EIGHT plays from the York Cycle of Mystery Plays will be wheeled around York city centre on waggons by the Guilds of York and York Festival Trust on Saturday and June 26.
Under the direction of Tom Straszewski, from 11am each weekend, the Plays will process from College Green (free admission) to St Sampson’s Square (free), St Helen’s Square (free) and King’s Manor (ticketed).
In addition, five of the plays will be staged in ticketed Midsummer midweek performances in Shambles Market on Wednesday and Thursday at 7.30pm.
Taking part in all of the performances will be a familiar bearded face on the York stage, Maurice Crichton, playing Noah in Paul Toy’s staging of The Building Of The Ark and The Flood for the Company of Cordwainers and York Mystery Plays Supporters Trust.
Maurice is steeped in Mystery history. “I did the Settlement Players’ waggon play in 2010, as Pontius Pilate; Riding Lights and York Theatre Royal’s Two Planks And A Passion in 2011; Pilate in the 2012 Mystery Plays in the Museum Gardens; Herod in York Minster in 2016, and Soldier 1 in The Crucifixion for the Company of Butchers and St Chad’s Church in 2018,” he says.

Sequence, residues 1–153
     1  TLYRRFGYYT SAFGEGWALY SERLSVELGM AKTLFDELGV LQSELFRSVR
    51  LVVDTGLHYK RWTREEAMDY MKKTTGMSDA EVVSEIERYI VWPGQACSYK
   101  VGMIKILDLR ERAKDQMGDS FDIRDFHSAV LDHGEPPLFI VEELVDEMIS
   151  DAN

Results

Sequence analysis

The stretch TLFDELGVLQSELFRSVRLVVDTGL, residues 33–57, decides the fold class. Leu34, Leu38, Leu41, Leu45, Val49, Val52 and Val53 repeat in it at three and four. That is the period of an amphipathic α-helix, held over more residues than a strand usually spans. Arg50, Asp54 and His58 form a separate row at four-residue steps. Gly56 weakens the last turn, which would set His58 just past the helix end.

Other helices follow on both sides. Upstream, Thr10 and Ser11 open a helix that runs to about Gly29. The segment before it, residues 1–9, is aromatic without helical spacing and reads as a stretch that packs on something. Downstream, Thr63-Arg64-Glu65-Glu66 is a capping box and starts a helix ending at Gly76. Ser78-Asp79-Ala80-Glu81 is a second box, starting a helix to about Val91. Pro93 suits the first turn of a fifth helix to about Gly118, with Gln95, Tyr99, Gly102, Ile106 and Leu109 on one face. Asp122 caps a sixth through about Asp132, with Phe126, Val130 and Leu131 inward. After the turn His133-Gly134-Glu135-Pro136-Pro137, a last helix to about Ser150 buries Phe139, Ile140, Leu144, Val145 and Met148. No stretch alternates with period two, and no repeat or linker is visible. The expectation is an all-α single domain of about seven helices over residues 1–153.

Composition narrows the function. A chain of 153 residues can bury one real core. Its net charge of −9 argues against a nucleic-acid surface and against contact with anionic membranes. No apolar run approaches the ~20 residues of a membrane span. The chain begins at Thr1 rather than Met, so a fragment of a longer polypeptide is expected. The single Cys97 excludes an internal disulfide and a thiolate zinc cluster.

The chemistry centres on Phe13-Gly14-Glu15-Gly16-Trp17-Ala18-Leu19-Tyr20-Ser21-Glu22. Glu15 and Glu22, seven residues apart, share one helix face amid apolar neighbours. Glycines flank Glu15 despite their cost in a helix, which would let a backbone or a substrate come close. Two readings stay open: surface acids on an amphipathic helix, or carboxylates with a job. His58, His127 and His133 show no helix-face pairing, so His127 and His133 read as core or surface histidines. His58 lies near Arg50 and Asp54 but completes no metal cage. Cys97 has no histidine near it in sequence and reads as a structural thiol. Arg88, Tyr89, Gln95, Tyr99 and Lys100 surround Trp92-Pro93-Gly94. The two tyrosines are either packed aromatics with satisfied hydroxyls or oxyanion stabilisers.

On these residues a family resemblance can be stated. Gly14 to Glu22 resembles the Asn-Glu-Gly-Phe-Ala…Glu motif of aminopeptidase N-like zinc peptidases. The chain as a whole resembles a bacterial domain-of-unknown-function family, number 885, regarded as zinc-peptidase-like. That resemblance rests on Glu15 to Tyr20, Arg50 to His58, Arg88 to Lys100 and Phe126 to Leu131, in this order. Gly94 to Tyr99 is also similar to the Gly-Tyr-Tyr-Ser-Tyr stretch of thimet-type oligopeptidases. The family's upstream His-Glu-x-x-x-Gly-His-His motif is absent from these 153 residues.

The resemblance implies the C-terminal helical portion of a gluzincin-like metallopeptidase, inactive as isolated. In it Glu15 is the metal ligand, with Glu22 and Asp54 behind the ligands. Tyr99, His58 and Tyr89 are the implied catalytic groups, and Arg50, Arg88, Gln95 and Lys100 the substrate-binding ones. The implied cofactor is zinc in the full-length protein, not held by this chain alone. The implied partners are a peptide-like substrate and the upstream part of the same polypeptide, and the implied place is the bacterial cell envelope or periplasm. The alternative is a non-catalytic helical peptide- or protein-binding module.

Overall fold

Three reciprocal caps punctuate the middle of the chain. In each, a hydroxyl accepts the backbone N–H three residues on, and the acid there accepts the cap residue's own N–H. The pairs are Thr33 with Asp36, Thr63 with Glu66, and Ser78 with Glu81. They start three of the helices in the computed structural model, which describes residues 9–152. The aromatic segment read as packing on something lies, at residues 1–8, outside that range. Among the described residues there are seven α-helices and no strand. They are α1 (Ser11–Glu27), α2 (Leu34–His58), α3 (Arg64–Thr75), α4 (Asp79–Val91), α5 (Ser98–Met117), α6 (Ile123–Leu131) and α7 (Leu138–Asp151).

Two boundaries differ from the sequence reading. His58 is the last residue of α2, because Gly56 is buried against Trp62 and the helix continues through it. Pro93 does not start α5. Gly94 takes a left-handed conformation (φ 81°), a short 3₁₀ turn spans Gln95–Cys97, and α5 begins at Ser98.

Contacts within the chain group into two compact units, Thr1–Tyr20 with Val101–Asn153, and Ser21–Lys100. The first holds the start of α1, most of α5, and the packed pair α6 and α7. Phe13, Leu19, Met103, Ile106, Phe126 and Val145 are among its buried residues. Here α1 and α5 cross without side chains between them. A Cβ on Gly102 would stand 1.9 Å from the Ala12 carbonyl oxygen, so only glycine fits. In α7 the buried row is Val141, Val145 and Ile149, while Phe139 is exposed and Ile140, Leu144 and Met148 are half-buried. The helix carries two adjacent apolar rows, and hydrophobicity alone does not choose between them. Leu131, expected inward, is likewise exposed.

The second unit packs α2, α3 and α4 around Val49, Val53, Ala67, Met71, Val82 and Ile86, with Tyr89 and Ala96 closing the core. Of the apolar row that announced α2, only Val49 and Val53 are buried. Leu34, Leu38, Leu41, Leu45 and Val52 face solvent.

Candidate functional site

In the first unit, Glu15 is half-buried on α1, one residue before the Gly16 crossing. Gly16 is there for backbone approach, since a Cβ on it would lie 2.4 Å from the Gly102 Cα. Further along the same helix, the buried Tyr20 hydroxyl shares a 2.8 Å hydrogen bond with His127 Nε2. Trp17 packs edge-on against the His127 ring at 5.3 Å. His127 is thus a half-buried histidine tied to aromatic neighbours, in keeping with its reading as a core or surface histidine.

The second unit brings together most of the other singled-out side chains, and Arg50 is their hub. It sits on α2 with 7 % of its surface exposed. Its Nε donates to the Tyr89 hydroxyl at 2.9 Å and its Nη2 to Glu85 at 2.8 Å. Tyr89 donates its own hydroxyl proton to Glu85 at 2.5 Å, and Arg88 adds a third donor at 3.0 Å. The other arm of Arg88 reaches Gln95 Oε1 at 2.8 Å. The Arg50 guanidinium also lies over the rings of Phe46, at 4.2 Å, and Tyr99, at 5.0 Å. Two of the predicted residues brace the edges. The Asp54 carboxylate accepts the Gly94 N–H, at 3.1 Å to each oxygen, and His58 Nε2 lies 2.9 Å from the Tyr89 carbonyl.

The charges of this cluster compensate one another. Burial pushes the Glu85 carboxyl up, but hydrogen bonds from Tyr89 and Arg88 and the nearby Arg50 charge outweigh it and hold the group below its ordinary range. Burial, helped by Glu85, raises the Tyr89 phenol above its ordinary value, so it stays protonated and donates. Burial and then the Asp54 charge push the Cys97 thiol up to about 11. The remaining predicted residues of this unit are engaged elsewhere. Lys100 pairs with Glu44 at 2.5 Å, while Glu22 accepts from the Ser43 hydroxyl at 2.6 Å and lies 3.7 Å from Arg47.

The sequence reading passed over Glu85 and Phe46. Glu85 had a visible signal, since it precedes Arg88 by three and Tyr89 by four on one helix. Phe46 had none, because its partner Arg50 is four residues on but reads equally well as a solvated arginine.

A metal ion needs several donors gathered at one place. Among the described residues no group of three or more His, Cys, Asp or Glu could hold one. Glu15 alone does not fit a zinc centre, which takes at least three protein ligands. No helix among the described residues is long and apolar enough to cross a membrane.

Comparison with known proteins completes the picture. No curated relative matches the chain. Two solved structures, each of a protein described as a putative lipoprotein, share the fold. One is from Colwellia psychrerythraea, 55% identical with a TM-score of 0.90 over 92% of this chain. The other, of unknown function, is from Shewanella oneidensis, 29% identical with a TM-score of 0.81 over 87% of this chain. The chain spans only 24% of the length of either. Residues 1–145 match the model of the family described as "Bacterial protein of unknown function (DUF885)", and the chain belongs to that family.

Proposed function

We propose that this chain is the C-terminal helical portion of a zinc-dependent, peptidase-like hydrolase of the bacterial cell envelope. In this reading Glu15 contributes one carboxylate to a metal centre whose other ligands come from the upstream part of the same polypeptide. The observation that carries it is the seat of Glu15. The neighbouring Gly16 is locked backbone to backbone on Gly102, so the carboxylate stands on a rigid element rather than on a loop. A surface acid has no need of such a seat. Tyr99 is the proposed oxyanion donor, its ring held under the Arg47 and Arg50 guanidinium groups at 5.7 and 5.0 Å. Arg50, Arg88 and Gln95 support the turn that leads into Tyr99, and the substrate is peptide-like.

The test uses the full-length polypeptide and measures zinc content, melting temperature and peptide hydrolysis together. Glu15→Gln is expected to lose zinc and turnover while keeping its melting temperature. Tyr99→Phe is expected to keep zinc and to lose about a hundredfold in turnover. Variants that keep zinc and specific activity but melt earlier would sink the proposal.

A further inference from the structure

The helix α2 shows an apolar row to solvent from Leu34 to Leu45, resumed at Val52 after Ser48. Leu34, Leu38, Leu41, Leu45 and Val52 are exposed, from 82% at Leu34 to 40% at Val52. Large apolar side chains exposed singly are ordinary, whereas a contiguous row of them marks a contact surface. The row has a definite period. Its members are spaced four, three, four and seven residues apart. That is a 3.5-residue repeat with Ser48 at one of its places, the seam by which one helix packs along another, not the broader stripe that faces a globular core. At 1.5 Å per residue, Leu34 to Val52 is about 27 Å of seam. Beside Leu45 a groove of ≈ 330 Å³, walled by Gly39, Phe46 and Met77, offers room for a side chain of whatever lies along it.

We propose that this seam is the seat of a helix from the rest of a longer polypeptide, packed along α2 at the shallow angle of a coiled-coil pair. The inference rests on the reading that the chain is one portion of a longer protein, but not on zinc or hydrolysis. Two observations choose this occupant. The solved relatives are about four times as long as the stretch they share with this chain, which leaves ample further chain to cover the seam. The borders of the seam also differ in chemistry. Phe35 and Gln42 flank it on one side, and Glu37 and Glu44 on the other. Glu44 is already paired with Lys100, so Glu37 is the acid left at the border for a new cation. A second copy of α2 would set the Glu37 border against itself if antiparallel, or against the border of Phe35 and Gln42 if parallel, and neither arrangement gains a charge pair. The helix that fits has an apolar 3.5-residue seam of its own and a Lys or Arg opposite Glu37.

“But I’ve never done a Supporters Trust play, so that’s a first, and I’ve never done Noah before. It’s a delightful part, and we’ve tried to go for the humour, although there’s not so much humour in ‘The Ark’, but as soon as Paul [Toy] mashed the two plays together, that helped with the tone.”
What draws Maurice back to the York Mystery Plays time after time? “First of all, it connects me to the city where I live,” he says. “It’s the one piece of world theatre that the city is really connected to, so I enjoy that aspect, and the more I’ve done the plays, the more I’ve looked into the history.
“It’s similar to Shakespeare, where you have the script but you have no idea how it was done when it was first performed. You’re like a detective, and the more you look into the plays, the more the options open up as you de-code the text, and that’s exciting.
“That’s what differentiates the Mystery Plays from plays of our time, where the writer is still around to help you to prepare. For a role like Noah, you have to think, how do I ‘see’ this line; what actions will go with that? It’s a case of, the more you take these words into your head, the more you think about what cadence is needed, what freedom have I got; what’s the rhythm; what’s the meaning?”